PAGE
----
In 2006, Simon Phillips released a DVD with jazz outfit Vantage Point, (featuring pianist Jeff Babko, trumpeter Walt Fowler, saxophonist Brandon Fields and bassist Alphonso Johnson). He has also co-produced albums by Mike Oldfield, appeared with Jeff Beck, Jimmy Page, Eric Clapton and Steve Winwood in the A.R.M.S. concert video for Ronnie Lane and performed session duties for a positive who's who of artists - not to mention forming a band (called RMS) with fellow session musos, Mo Foster and Ray Russell. How the hell he also has time to be a fully paid up member of Toto eludes us, Howard Smith cornered him for a chat...
Total Music: You relocated from the UK to LA in '91, then in '92 Jeff Porcaro tragically died and Toto embraced you as their new drummer. Do you feel that if you had not been available Toto could have folded?
Simon: "Actually I moved to LA in 1992, I was in the UK when Jeff Porcaro died (actually I was in Ibiza with Bobby Kimball amazingly enough). I was their first choice [although] I think that they would have done that tour with someone, but whether they would have continued is another thing. And for another 15 years – hmmm – hard to say!"
Total Music: You engineered the last Toto studio CD Falling In Between which took 10 months to complete. Do you find it frustrating that so much effort goes into the making of a disc, when CD sales are dwindling?
Simon: "Ha ha ha – of course. But the most important thing is that the CD will be around for years to come regardless of the sales – and someone will be listening to it. So the amount of effort and time invested is never wasted!"
Total Music: Falling In Between was well received but how does a group that has been together for almost 30 years maintain a fresh approach to song writing and constantly performing?
Simon: "The way we went about making this album was different. We were all involved from day one and the energy of being able to play with the full band... even the smallest of ideas helps lead on to bigger ideas, you can’t beat the energy of four or five people in a room. You just have to be careful not to get a myriad of ideas pulling different ways, but that’s down to production and self editing, and we have been doing this a long time so have the experience to get the job done"
Total Music: Bearing in mind the prohibitive cost of solo touring, do you see more of a future for yourself in the engineering and production side of things? If so, what is in the pipeline solo wise and otherwise?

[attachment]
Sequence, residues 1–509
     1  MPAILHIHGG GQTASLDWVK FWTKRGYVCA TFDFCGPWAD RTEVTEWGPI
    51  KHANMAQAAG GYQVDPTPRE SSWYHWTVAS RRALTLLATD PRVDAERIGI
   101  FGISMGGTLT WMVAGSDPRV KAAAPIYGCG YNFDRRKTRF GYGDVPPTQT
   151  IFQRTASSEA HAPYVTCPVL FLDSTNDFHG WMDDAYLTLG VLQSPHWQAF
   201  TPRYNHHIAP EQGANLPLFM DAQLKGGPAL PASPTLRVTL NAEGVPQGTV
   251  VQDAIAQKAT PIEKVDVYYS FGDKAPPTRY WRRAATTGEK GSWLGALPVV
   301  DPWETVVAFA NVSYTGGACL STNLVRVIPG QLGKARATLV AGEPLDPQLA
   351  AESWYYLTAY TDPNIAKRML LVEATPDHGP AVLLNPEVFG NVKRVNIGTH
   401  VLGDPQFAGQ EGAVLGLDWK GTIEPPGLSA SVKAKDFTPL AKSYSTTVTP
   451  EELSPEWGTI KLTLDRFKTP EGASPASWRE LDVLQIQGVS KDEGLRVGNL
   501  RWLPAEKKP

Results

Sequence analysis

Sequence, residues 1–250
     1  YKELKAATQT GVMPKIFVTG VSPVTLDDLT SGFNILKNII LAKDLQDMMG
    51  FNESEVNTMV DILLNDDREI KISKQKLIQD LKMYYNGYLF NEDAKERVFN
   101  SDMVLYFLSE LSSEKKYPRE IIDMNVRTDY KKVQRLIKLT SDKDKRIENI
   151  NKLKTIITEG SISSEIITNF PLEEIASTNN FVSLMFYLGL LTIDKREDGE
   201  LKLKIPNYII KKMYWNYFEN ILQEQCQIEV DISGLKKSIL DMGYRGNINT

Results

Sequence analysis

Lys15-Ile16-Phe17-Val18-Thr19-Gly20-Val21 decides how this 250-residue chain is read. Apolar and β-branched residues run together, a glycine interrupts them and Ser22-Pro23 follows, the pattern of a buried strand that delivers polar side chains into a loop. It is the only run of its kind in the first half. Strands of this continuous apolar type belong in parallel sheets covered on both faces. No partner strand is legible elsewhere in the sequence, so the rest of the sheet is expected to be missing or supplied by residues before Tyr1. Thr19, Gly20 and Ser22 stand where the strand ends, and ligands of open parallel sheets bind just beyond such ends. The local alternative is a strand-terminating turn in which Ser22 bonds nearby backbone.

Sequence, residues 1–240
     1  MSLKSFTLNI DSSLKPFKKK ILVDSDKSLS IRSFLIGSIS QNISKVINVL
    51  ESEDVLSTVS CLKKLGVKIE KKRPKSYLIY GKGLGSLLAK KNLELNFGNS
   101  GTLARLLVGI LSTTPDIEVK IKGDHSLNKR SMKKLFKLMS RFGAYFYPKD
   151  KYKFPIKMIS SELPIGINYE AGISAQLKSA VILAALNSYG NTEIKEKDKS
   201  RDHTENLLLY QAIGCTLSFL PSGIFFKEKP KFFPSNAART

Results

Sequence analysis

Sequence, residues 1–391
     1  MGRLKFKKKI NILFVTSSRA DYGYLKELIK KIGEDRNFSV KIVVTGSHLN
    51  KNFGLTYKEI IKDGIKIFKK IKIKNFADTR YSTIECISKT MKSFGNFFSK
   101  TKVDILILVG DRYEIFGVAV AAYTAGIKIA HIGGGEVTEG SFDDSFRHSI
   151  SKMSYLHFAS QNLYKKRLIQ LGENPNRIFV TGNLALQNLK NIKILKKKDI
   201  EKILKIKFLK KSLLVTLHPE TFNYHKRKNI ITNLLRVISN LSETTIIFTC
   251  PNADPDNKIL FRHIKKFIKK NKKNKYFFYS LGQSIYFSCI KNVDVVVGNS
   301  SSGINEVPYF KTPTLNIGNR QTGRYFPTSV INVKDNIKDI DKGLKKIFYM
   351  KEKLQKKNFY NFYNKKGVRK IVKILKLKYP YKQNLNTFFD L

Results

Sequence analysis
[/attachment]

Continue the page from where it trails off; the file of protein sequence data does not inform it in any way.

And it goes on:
Simon: "Well it is true that touring in any form is costly but I don’t see not doing it. I have in fact started recording a new solo CD and the plan is to release it followed by a tour to promote it. Basically when I am home (off the road) that’s when I get into the studio and into engineering/producing or writing.”
Total Music: Toto have just released the Falling In Between Live DVD and The Collection (eight disc) boxset, as well as undertaking several tours. What else can fans look forward to from Toto as their 30 years together approaches?
Simon: "Well we have been on the road pretty much constantly for the last five or six years apart from 2005 when we recorded Falling In Between. We are all pretty worn out and in need of a break so we have two tours coming up, Mexico and Australia and the Far East. Then we are going to take a long needed break so we can concentrate on solo ventures and other things. We’ll see how we feel in 2009."
Total Music: Your father was a world famous band leader. When you
were young he recognized you had talent but tried to dissuade you from becoming a drummer. Would you offer the same advise to your son (when he is old enough to talk)?
Simon: "No. I would like to give him some different opportunities – ones that I didn’t have – and let him make his own decision. It’s his life and in the end he has to live it long after I have gone so I am just here to guide him and hope he finds something that he loves doing and is good at.”
Total Music: Buddy Rich, Billy Cobham and Tony Williams are some of your inspirations but nowadays you hold drum clinics and have made some instructional video's so It must have crossed your mind that some of the next generation of drummers now look up to you as their inspiration?
Simon: "Absolutely, and it is up to us (my generation of drummers) to pass the message on. I remember being in a dressing room with Art Blakey and Bill Cobham at the Montreux Jazz Festival and Art was giving us a lecture on just that.”
Total Music: Your style of drumming has been described as aggressive (especially in your work with bands like Judas Priest) but you do not seem to have an aggressive nature, so where does this energy come from?
Simon: "That depends upon the music! If a song requires an energetic approach, powerful and spirited, then that’s what I apply. Sometimes a song requires a gentle touch, a laid back approach. It’s just a question of being open to what the music needs. As to where this energy emanates from – your guess is as good as mine!”
Total Music: Lastly, can you think of a defining period of happiness in your life that you would like to share with us?
Simon: "Sitting on the floor of my empty apartment in Studio City when I first moved to Los Angeles in ‘92. I had almost nothing – everything being left behind in the UK. I had been to Bullocks and Adray’s to buy some essentials like Kettle, Phone, Fax Machine, Cappucino Machine, Boom Box, Cutlery and Bedding and some groceries – that was it. I was so happy to finally be where I wanted to be!”
Toto: The Collection is available now as is the DVD Falling In Between – Live. You can find more info on Simon at and up to date info on Toto at